2. Vintage Assessments that are at odds with all local assessments – Now there are of course overseas commentators who do distinguish between regions in Australia when discussing vintages, but unfortunately I’ve lost count of the number of times I’ve read or heard an assessment of a vintage that is completely at odds with both local assessment and my own personal experience. Of course, vintage assessment is not a purely objective exercise. People who more or less drink the same wines often come to somewhat different conclusions as to the quality of a vintage. However, what I am talking about are glaring differences that to my mind bear no resemblance to the wines that came out of that specific vintage. An example of this is Wine Spectator – www.winespectator.com – whose vintage chart has the Barossa and McLaren Vale rated a 96 for the 2005 vintage, while 2006 is rated an 88! This is in marked contrast to the assessment of James Halliday who rated 2005 in the Barossa a 7 out of 10, and 2006 a 10 out of 10. While I’m not sure that I would consider 2006 a 10 out of 10 vintage, I nevertheless concur with the proposition that 2006 was a very good vintage, and definitely a better vintage than 2005, which to my mind was decidedly more mixed.
Another example is from Robert Parker, the world’s most influential wine critic over the past couple of decades. In his vintage chart he rates the 2006 vintage in Western Australia an 89, while the 2007 vintage is rated an 86. Anyone who has consumed a reasonable number of wines from Western Australia from both vintages would find it very hard to come to the conclusion that 2006 is the better vintage. In 2006 red varieties struggled to ripen, enduring the coldest summer in a number of decades, and indeed a number of wineries didn’t produce their “Premium” red wines from the vintage. 2007, on the other hand is an excellent vintage, and to me is clearly the better vintage in Western Australia taken as a whole, and that has been the consensus from all local points of view that I have read or heard.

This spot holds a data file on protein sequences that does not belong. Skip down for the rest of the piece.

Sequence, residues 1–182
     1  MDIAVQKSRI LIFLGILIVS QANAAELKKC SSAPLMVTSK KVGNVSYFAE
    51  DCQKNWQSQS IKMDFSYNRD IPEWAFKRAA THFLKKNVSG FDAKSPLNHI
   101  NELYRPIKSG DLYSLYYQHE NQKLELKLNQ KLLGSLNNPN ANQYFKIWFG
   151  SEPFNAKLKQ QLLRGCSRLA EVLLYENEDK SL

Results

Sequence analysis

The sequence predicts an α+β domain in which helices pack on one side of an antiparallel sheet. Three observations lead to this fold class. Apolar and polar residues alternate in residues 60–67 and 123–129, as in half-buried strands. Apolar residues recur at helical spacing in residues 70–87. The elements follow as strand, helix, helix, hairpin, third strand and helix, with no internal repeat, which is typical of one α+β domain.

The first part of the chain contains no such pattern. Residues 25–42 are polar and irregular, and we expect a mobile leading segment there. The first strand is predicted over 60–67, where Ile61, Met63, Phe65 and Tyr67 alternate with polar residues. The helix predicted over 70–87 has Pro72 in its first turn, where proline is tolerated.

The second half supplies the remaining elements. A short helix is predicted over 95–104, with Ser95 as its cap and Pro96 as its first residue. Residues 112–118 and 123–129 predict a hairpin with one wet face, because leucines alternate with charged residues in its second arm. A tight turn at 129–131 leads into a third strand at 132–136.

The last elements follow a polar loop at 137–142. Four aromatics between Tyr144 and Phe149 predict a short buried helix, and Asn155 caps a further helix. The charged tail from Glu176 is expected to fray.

What’s the effect of this combination of laziness and/or ignorance when it comes to assessment of vintages in Australia? Well at a time when the image of Australian wine overseas has taken a bit of a beating, it certainly doesn’t help our cause that commentators in countries like the US and UK can’t produce useful guides to vintage. It’s far from being the main source of our image problem overseas, but is one of those things that undoubtedly has a cumulative effect. Has an American consumer who had heard good things about Margaret River Cabernet made a decision to buy an 06 instead of an 07 off the back of Robert Parker’s vintage ratings? With the purchase of an 06 they could well be wondering what all those Aussies were raving about when it came to Margaret River Cabernet. Had they been guided towards an 07 they would more than likely see what the fuss is about.
There are plenty of efforts at present on the part of people involved in Australian wine to improve our image overseas, and in particular to highlight the diverse range of wine regions in this country. Part of this work is undoubtedly an effort to highlight the many different terroirs and climactic conditions that exist in Australia. A sign that these efforts have really had an effect would be when we get some more accurate and detailed Australian vintage charts from overseas commentators and publications.